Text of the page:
On a minus twenty C° January day, I followed the frazil or floating slush as it drifted downstream below the Sawer Creek dam until the frazil ran into an ice jam that was piling up behind the Douro dam. Much of the frazil had organized into hundreds of small circular 4-cm diameter wide ice pancakes in the turbulent flow. The tiny pancakes collided into one another and jammed up against the established but moving nilas ice sheet, creating a frazil floc and eventually cementing into the larger ice jam. The small ice pancakes foamed up with a milky froth, sliding on top or below each other and crowding into the ice jam.
In an ice jam just upstream of Trent University and Lock 22 (Nassau Mills), frozen waves of ice fraziling had formed. Thin shards of broken ice rind had rafted over each other to form rows of frozen waves and hummocks as the ice jam grew upstream from the dam. It resembled a freshwater version of stamukhi ice (Russian word for sea ice rubble that develops along the boundary between fast ice and drifting pack ice).
Ice rind is a brittle shiny crust of ice that forms on a quiet surface by direct freezing or from grease ice. Ice rind is quite thin, from 1 to 5 cm thick, and easily breaks with wind action or water swells, usually in rectangular pieces. I saw several larger pieces drifting between dams, colliding and rafting over each other and eventually finding themselves consolidated into a downstream ice jam above another dam. They are best seen suspended in a crispy film around marsh reeds when the water level of the river goes down. Then the brittle ice breaks off into pieces, leaving various river vegetation and rocks with ice collars.
Pancake Ice is ice that spins around in waves and thickens into free-floating ice disks. It forms particularly where the turbulence of rough water and rapids affect slush or ice rind, just downstream of a dam. This is exactly where I’ve seen pancake ice of varying sizes on the Otonabee River (pancakes from as small as 4-centimetres to as large as 3-metres wide and up to 10 cm thick). These were particularly noticeable below the dam associated with Lock 23.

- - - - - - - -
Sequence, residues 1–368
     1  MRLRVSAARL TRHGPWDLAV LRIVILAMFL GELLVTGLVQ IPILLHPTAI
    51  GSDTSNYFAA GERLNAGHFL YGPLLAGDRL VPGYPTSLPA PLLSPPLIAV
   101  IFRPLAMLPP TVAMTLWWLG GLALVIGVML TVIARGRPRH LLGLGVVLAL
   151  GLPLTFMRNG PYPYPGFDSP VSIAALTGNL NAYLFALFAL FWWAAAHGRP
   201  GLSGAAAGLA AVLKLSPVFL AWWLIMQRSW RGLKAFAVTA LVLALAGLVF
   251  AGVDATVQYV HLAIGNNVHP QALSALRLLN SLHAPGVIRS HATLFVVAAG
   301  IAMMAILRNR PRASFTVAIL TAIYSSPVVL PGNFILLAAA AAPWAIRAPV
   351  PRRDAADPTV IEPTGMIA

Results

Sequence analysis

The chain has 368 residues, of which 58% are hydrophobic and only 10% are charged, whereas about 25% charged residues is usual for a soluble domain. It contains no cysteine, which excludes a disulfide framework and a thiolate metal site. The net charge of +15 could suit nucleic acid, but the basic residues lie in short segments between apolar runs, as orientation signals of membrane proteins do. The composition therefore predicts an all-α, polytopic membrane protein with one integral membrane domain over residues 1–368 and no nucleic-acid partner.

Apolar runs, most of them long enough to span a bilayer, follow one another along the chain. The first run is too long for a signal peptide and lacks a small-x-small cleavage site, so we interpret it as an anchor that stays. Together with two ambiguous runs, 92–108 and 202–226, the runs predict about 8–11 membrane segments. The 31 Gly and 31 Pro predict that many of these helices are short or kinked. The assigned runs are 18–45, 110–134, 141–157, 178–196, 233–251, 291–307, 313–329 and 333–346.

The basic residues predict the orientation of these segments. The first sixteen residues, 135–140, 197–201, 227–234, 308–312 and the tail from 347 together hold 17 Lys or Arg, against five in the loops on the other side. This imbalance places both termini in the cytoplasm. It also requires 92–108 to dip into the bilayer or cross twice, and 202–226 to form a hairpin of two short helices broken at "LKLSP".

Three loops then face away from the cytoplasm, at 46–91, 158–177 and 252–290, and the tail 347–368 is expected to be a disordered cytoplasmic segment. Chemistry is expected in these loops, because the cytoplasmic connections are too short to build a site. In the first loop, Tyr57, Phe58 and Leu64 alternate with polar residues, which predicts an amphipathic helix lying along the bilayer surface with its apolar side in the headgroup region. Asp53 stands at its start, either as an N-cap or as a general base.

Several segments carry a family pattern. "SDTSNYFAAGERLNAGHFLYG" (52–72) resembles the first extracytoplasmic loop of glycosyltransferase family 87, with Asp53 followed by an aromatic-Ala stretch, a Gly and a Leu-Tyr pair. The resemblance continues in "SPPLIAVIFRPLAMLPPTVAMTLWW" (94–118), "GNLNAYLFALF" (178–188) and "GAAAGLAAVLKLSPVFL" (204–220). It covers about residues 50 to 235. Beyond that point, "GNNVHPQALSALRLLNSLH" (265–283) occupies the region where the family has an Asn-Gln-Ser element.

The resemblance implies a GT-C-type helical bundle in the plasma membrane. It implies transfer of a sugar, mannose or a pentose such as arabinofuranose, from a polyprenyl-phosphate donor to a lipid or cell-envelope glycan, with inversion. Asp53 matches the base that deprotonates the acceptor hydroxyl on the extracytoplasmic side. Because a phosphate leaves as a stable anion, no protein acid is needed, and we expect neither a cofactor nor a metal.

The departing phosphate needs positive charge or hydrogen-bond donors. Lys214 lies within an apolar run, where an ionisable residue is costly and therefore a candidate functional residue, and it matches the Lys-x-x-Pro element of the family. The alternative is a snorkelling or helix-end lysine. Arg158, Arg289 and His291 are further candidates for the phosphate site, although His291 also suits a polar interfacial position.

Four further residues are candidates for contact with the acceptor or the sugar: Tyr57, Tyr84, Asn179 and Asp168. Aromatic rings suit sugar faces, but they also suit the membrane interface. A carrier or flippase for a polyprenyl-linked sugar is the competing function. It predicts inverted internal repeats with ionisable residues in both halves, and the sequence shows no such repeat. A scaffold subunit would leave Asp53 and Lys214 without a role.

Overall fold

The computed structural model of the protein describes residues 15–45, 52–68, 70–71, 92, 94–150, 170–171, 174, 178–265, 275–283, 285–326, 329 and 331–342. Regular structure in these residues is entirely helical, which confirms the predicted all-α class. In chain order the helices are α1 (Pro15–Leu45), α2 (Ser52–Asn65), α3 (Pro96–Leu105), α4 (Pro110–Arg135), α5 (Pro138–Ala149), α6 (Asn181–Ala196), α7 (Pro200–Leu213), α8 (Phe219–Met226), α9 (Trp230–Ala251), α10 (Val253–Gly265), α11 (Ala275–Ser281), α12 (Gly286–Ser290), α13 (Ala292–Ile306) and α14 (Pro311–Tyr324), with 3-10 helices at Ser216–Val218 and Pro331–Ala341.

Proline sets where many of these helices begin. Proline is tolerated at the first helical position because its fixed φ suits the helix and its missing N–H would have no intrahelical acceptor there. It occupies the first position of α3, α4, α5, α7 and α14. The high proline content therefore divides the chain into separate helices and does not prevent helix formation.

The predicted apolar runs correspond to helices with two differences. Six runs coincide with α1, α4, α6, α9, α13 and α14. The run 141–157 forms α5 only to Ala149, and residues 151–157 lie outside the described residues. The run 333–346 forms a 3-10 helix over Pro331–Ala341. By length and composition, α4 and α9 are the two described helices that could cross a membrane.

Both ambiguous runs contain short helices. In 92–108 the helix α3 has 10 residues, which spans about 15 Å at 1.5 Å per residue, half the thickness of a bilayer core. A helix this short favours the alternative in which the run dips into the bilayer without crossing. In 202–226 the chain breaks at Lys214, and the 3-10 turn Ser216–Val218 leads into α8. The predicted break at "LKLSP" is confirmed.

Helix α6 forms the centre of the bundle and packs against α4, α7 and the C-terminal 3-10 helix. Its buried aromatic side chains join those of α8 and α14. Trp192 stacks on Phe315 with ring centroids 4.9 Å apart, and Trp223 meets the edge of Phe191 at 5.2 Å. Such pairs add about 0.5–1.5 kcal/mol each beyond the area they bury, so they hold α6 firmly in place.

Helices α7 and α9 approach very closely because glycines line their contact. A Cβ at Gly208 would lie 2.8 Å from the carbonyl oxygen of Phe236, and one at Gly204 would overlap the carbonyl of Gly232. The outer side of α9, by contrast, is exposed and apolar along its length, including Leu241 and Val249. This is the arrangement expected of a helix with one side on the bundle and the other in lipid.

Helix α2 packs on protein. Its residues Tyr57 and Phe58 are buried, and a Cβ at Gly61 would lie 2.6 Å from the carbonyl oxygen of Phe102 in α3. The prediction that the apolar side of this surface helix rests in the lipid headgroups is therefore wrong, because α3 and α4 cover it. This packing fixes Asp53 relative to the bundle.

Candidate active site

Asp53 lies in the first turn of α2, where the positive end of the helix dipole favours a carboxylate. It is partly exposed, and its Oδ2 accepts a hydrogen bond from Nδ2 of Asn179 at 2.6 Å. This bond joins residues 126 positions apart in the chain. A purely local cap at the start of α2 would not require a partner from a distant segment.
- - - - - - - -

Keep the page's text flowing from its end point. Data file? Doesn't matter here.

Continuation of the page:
Pancake ice forms in two ways: 1) on water covered by slush, shuga or grease ice that, when it becomes sufficiently dense, congeals to form a pancake, or 2) from breaking ice rind, nilas or even gray ice in agitated conditions. When the floating ice rinds of grease ice break up, pancake ice forms from the pieces. I’ve seen pancakes raft over each other, creating an uneven top and bottom surface on an ice jam. I saw good examples of pancake-frazil formation below the Sawer dam at Lock 25 that formed an ice jam behind the Lock 24 dam at Douro.
The rims of pancake ice are often turned up; when the pancakes collide into each other like bumper cars, frazil ice or slush piles onto their edges. According to Alberto Reyes (Northern landscape and climate change expert with the University of Alberta), ice pancakes “also like to glom onto infrastructure,” such as intakes to hydroelectric facilities, affecting power generation, and outflow pipes that potentially block discharge pipes and cause flooding. At around this time last year, and again this year the City of Peterborough has issued a flood watch due to frazil ice accumulation.
As frazil ice flows downstream it will eventually come to rest against obstructions (e.g., islands, bridge piers and abutments), in low velocity areas (bends and slope reductions) or in areas of channel constrictions. Where it comes to rest, it will accumulate. Frazil ice may also anchor itself to the bottom of a watercourse and accumulate. “Where frazil ice accumulates, it is likely to cause a restriction of water flow downstream, thereby resulting in a rise of water, and possibly flooding, behind the frazil ice jam,” said Gord Earle to the Canadian News, flood forecaster and warning service officer in Peterborough. Earle advises residents and businesses along the banks of the Otonabee River and Jackson Creek to keep a close eye on ice formation, accumulation and trapping.
When Ice Flowers
During my walks along the Otonabee and Thompson Creek, its tributary stream/marsh, I often witness the clear ice formations in the calm bay leading to the larger river. Some of the most beautiful ice formations arise when water vapor condenses directly into frost or rime when it’s cold enough during a freezing fog.
Frost crystals that form directly on cold surfaces such as a snow surface or an ice sheet from freezing water vapor grow larger and flower into beautiful leaf-like shapes or hexagonal snowflakes. The different frost shapes and patterns arise from the topography of the ice sheet, often specks of dust, salt, or residue, twigs and other organic material that lies on the surface.
The ice crystals nucleate on the particles and branch out, forming unique fractal patterns that resemble leaves, ferns, feathers and more. This ground frost closely resembles snowflakes; given that their formation and structure are similar only the nucleation particles for frost are surface objects.